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Be prepared for summer with your dog!

The summer holidays are coming! Whether you are staying home to enjoy the summer weather or taking your dog on holiday with you, here are some tips for a great summer.

summer dog

These tips will ensure that the summer is not just an enjoyable one for you, but for your pet as well!

Let’s start with the car journey. You are ready to drive to a lovely walking location or to your holiday destination, but your dog is not the least bit enthusiastic… Not all dogs like to travel in the car. There may be various reasons for this. Some dogs find car journeys very exciting or stressful, possibly due to a bad experience. For these dogs, you can use products to reduce fear or anxiety, such as Adaptil (tablets) or Zylkene. Other pets mainly suffer from nausea during the car journey, which can make them anxious. Signals for this include smacking, drooling and possibly vomiting in the car. For these dogs, our aim should be to prevent nausea. Products such as Puur Travel or Beaphar Travel Fit are available for these pets. These products can also be used for air travel.

Different countries, different requirements

Depending on the country that you are travelling through, there may be different requirements for the way in which your dog is transported. For example, in Germany the dog must be secured with an adjustable seat belt, a travel kennel or behind a dog guard. For some countries there are also different requirements for specific breeds, which are labelled as dangerous by the government. Owners may be required to put a muzzle on their dog in public, and in Spain you even need to apply for a licence for these animals. It is sensible to request information from the LICG (National Information Centre for Companion Animals) or from your veterinarian well before you go on holiday. This means that you will be well prepared!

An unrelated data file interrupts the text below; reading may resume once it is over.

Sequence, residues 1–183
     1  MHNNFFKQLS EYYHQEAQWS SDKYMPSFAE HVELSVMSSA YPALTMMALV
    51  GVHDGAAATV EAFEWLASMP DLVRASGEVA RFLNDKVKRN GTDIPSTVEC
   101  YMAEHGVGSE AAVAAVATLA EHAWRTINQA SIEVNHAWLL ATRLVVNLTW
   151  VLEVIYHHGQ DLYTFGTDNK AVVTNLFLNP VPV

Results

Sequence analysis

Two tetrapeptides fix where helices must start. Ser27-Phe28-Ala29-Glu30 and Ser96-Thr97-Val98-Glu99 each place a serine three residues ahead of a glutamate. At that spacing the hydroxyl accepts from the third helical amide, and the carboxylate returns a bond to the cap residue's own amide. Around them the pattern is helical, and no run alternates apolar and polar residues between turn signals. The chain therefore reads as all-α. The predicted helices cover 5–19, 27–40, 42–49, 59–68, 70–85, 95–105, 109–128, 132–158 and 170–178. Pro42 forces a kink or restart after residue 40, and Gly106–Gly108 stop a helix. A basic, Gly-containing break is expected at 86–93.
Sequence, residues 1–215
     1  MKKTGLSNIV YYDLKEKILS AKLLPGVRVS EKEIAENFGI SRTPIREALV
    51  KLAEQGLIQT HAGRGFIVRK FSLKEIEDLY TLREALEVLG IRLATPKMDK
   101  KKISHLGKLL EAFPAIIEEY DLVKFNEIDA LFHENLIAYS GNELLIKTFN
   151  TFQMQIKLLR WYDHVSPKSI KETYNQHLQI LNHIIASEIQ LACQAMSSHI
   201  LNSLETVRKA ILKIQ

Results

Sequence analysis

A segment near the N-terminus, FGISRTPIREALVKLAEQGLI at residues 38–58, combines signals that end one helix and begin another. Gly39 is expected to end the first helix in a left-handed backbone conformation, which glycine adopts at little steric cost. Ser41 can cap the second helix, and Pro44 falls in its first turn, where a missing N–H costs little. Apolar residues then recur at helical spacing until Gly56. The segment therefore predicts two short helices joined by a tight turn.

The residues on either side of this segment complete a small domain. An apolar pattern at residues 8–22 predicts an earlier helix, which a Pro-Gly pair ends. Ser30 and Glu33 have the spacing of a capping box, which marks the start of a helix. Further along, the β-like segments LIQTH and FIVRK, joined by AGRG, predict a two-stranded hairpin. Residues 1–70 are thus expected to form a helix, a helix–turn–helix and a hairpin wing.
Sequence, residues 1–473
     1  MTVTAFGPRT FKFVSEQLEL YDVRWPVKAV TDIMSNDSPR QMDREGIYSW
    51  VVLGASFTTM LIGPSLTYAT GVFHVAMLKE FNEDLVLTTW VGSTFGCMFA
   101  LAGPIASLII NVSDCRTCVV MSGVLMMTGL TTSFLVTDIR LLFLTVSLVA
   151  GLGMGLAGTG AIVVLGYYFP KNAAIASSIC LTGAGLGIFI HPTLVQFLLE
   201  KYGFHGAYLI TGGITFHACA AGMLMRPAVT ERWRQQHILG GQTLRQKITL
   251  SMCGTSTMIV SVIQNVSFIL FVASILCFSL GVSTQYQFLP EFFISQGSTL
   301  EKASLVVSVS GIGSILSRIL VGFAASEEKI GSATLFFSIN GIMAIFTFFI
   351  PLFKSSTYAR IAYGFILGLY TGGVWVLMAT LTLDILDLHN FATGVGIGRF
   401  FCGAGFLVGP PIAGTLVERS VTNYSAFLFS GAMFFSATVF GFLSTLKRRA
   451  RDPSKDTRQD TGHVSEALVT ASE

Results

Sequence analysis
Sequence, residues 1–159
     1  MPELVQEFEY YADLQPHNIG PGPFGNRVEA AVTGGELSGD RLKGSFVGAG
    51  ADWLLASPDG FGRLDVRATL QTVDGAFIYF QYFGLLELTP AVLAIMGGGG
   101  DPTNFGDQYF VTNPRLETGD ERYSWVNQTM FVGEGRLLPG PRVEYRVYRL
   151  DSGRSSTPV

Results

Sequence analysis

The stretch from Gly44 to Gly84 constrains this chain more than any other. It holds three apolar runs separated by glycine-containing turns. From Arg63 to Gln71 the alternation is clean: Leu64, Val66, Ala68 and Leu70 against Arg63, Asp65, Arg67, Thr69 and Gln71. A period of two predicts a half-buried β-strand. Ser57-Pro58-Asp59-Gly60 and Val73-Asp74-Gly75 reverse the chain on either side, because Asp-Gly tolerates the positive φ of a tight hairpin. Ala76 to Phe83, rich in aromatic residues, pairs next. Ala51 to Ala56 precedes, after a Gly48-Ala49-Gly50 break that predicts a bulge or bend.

Please note! You should never leave your dog in a car in warm weather, even when the car is parked in the shade! In outside temperatures of 24°C, the temperature inside the car can get up to 34°C within 10 minutes. Leaving a window open will barely result in any airflow in a stationary car, and will therefore provide little to no relief from the heat. Additional cooling products like cooling vests, are not sufficient for protecting your dog from overheating in a hot car!

Keep it cool…

It is a pleasure to see your cherished dog stretched out and sunbathing on the lawn! But don’t forget that dogs don’t sweat like humans. They mainly cool down through evaporation, by panting and through the pads of their feet. That is why it is essential that dogs get a chance to freshen up in other ways. Fresh drinking water (not too cold) is a must, as well as access to places in the shade. Mainly in dogs with a short snout and in dogs with heart or lung problems, it is important to prevent them from panting too heavily to maintain their body temperature. This is a major strain on these animals. There are various products available to cool down your dog, we have listed the most popular products to cool your dog below:

Enjoying the sunshine